Surprisingly, Maryland didn’t use McFarland as a receiving option nearly as much as you would expect for a player with his skill set. Even though he is relatively inexperienced in this area, he flashes very soft hands and receiving ability with plenty of upside when given the chance. There was enough here to think that with continued exposure to the passing game in the NFL, he can be a useful player in this area.

If you want the best feel for McFarland’s tape, it is best to watch his 2018 campaign and the early part of 2019. A lower-body injury caused McFarland to miss his senior season of high school and another one caused him to be slowed for part of his 2019 season, where he played through the injury but his production was impacted. With his frame, there will be concern on how he’ll hold up with the increased size and speed of the NFL. To help with his durability and effectiveness as a runner, McFarland could benefit from adding some additional strength and flexibility to his lower body, which would also help improve his powerful running style. Where he currently stands, I don’t feel that he would flourish as a short-yardage back against loaded boxes that would cause him to muscle up against multiple meaty defensive linemen crashing the line of scrimmage. McFarland obviously has elite acceleration when pressing the line of scrimmage but he often does so without any real sense of patience while waiting for blocks to develop in front of him. If the blocking isn’t there right away, particularly on inside runs, he too frequently will bounce a run to the outside and try to find space where he is more comfortable in trusting his athleticism. At Maryland, McFarland did most of his damage when open spaces were clearly present and he didn’t have to do as much creative work for himself, which was evident with his lack of patience and propensity for bouncing runs.

While I think some of this is very coachable with gained experience and improved vision and feel for running schemes, the biggest area that McFarland will need to improve is his pass protection. Right now, he doesn’t have the anchor to stand up against bigger pass rushers, whether that means defensive linemen or untouched linebackers with a full head of steam blitzing from the second level. To really be considered a three-down back who just doesn’t automatically go out for passes on third down, McFarland will need to come a long way in his abilities as an extra blocker.

Fit with the Steelers

I will be honest with you: I was quite surprised that the Steelers took Anthony McFarland Jr. in the 2020 NFL Draft. Not because he isn’t a good prospect but because he goes against the grain for what the Steelers typically look for in running backs. That is really where the intrigue begins with me, as his athletic profile is unparalleled by every back currently on the roster except for Kerrith Whyte (although McFarland is a more powerful runner in my opinion). Heading into 2020, James Conner will be the obvious lead back for the Steelers, as long as he remains healthy (which is far from guaranteed). With Benny Snell having a very similar style as Conner, the added athletic profile of McFarland as a potential big-play threat is a breath of fresh air for the Steelers backfield. Throw in the pass-catching ability of Jaylen Samuels and the Steelers have an expanded arsenal of skillsets at their disposal heading into 2020.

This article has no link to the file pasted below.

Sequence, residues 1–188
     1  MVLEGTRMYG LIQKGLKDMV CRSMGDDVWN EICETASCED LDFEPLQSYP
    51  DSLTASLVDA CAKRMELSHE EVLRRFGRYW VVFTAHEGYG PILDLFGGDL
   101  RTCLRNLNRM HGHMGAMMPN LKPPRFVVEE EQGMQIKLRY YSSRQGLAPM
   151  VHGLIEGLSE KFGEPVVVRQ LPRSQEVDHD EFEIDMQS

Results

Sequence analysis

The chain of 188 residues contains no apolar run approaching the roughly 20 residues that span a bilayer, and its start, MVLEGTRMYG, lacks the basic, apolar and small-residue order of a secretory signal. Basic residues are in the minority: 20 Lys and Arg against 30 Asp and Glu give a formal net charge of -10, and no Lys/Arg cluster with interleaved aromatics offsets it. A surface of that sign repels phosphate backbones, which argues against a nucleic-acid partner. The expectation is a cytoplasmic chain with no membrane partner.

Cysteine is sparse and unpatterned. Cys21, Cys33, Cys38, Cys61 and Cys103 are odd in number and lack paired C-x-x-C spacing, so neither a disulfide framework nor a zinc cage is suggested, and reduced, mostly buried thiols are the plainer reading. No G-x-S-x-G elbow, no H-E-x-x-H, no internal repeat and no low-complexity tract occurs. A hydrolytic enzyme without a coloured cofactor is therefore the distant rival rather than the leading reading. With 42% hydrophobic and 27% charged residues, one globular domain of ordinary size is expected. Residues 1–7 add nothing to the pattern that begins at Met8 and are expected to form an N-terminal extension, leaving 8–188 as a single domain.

In the long-term, McFarland has three-down potential but much of that depends on how he can develop in pass protection and as a receiving threat. In the short-term, McFarland will likely be used as a change-of-pace/complimentary back as he works on his craft. In the event that Conner goes down with an injury in 2020, it would not surprise me at all if the Steelers would employ more of a committee approach with Snell, McFarland, and Samuels each serving a different role in the rotation. Either way, the Steelers will likely manufacture a way to get McFarland onto the field early on to add a spark to the running game, as you can’t teach his home run ability. I also could see the Steelers test out his abilities as a return man alongside players like Diontae Johnson to utilize his big-play ability in a different fashion.

With Conner’s future in Pittsburgh beyond the 2020 season being in question, the Steelers could have a very different looking backfield in the very near future. McFarland runs with the tough mindset that the Steelers desire and with added strength and patience, he could become an even more effective runner not only on outside runs but between the tackles. It has yet to be determined if he’ll ever be a true three-down running back but there is no denying how exciting of a player McFarland is on tape and gives him plenty of upside to work with as a pro.